The average lattice strain in either the alloys or the heterostructures is less than − 0.075%, reflecting the nearidentical inplane lattice constants of \({\mathrm {MoSe_2}}\) and \({\mathrm {WSe_2}} \, (a({\mathrm {MoSe_2}}) = 3.289\,\AA\) and \(a({\mathrm {WSe_2}}) = 3.286\)Å)^{34,35}. Therefore, point defects and interfacial scattering results mainly from changes in the bonding interactions and atomic masses and the potential effect of longrange disorder and strain on the measured thermal transport is negligible. Details about the molecular dynamics simulations, including development of suitable empirical forcefields and workflow are given in Section I and II of the Supporting Information.
Results
Thermal transport in \({\mathrm {Mo}}_{1x}{\mathrm {W}}_x{\mathrm {Se_2}}\) alloys
Substitutional doping of \({\mathrm {MoSe_2}}\) by \({\mathrm {W}}\) atoms has a significant effect on the lattice thermal conductivity. Figure 2a shows the computed lattice thermal conductivity of the monolayer \({\mathrm {Mo}}_{1x}{\mathrm {W}}_x{\mathrm {Se_2}}\) alloy as a function of substitutional doping. Even moderate doping (\(x < 5\%\)) leads to greater than \(70\%\) reduction in lattice thermal conductivity relative to undoped crystals. Similar results were observed in various materials^{36,37,38,39,40,41}. Classical molecular dynamics simulations exclude electronic structure effects such as chargetransfer and charge carrier–phonon interactions, therefore the large reduction in \(\kappa _{\mathrm {lattice}}\) is attributable primarily to increased rate of point defect scattering that originates from both the mass difference and interatomic coupling force differences resulting in greater phonon localization and reduced meanfree paths^{42,43,44}. However, there is no noticeable change in other phonon characteristics such as phonon frequencies, group velocities and phonon density of states at low frequencies.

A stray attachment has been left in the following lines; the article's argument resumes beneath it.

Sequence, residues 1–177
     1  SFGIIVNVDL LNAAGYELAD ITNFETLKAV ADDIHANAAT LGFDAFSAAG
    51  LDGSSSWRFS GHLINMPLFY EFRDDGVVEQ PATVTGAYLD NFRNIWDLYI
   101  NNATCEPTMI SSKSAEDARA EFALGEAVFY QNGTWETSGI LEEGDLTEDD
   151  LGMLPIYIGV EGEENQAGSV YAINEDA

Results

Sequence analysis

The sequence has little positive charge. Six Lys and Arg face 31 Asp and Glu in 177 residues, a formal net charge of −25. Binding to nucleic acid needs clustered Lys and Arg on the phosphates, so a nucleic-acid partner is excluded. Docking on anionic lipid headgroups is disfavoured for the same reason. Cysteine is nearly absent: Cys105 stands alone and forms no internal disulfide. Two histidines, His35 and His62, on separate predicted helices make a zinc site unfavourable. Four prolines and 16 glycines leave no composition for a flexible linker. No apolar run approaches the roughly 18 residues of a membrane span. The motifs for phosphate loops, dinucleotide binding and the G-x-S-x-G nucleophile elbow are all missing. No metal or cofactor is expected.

To quantify the phonon localization effect, we computed the phonon participation ratio \(P_{\lambda }\) for the unalloyed and defectfree \({\mathrm {MoSe_2}}\) single crystal and the 3.7% Wdoped \({\mathrm {MoSe_2}}\) alloy (Fig. 2b). The phonon participation ratio, \(P_{\lambda }\), measures the spatial localization of a phonon mode, \(\lambda\) and it is defined as^{45,46}